The Kindleberger Trap, according to Joseph Nye, will confront China and the US due to China’s insufficient capability and willingness to assume its due international responsibility should the US afford less public goods than before. Actually, this worry is not only held by Nye but also shared by a majority of Americans. They have deeply rooted mixed feelings toward China’s rise. On one hand, they have suspicions of China’s political behavior and revisionist intention as a non-democracy, and they expand this suspicion to the realm of international affairs and conclude that China may dodge from its supposed international obligations. On the other hand, due to globalization and great economic interdependence, they worry that China’s irresponsible behavior “manipulating” its currency exchange rate or breaking the trade relationship may hurt the US more. Further, divergent policy positions on multi-dimensional domains held by the two countries contribute to their sense that China is irresponsible. Undeniably, China has made great efforts such as making commitments to a market economy and greater social reforms domestically, pushing for denuclearization and stability on the Korean Peninsula regionally through Six-Party Talks and its recent double-pause initiative, and affording public goods globally. However, in most Americans’ eyes, a huge gap exists between China’s willingness and capability to assume its due international responsibilities and expectations for doing so.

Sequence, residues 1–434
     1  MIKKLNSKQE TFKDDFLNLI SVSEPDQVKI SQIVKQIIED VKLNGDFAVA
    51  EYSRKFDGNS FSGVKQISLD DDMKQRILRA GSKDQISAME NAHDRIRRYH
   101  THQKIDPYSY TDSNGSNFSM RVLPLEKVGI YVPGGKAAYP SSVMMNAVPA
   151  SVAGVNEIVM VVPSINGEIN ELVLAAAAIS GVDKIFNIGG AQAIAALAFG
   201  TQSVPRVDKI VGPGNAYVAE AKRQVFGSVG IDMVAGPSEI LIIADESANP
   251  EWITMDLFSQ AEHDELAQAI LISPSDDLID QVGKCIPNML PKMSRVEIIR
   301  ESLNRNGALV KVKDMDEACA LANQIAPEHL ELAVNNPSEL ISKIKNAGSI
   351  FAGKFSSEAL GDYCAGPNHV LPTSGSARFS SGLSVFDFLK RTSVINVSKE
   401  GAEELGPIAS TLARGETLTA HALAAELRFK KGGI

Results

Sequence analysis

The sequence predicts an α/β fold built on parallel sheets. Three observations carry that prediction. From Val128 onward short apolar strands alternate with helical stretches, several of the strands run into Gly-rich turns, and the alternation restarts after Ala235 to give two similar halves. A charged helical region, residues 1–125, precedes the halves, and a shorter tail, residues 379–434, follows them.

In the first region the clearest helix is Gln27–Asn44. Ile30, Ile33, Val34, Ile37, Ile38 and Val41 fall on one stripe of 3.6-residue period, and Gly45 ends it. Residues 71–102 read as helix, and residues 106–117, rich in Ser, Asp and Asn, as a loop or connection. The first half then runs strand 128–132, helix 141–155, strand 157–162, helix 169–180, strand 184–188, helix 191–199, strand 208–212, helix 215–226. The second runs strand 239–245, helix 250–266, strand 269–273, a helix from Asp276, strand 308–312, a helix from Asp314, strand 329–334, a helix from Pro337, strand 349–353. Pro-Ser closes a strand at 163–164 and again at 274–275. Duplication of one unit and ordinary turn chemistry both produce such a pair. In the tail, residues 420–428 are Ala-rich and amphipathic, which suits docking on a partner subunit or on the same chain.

The three traps that China currently confronts are internally connected. The middle-income trap, concerning China’s domestic economy surge, stands as the base of the Thucydides and Kindleberger Traps. If China cannot solve the middle-income trap, there is no need to consider the latter two traps. Whether China could improve the bilateral security relationship with the established power, key to avoiding the Thucydides Trap, is determined by the extent of China stride over economic stagnation and meanwhile determines its international image. The Kindleberger Trap, relevant to China’s international diplomatic image, has close affiliations with the other two “traps” and stands as the final phase in the road of China’s rise. The three traps in their diverse domains of domestic economy, bilateral security and international diplomacy, pose an unprecedented challenge to China and demand that it accelerate the development of not only hard power but also soft power.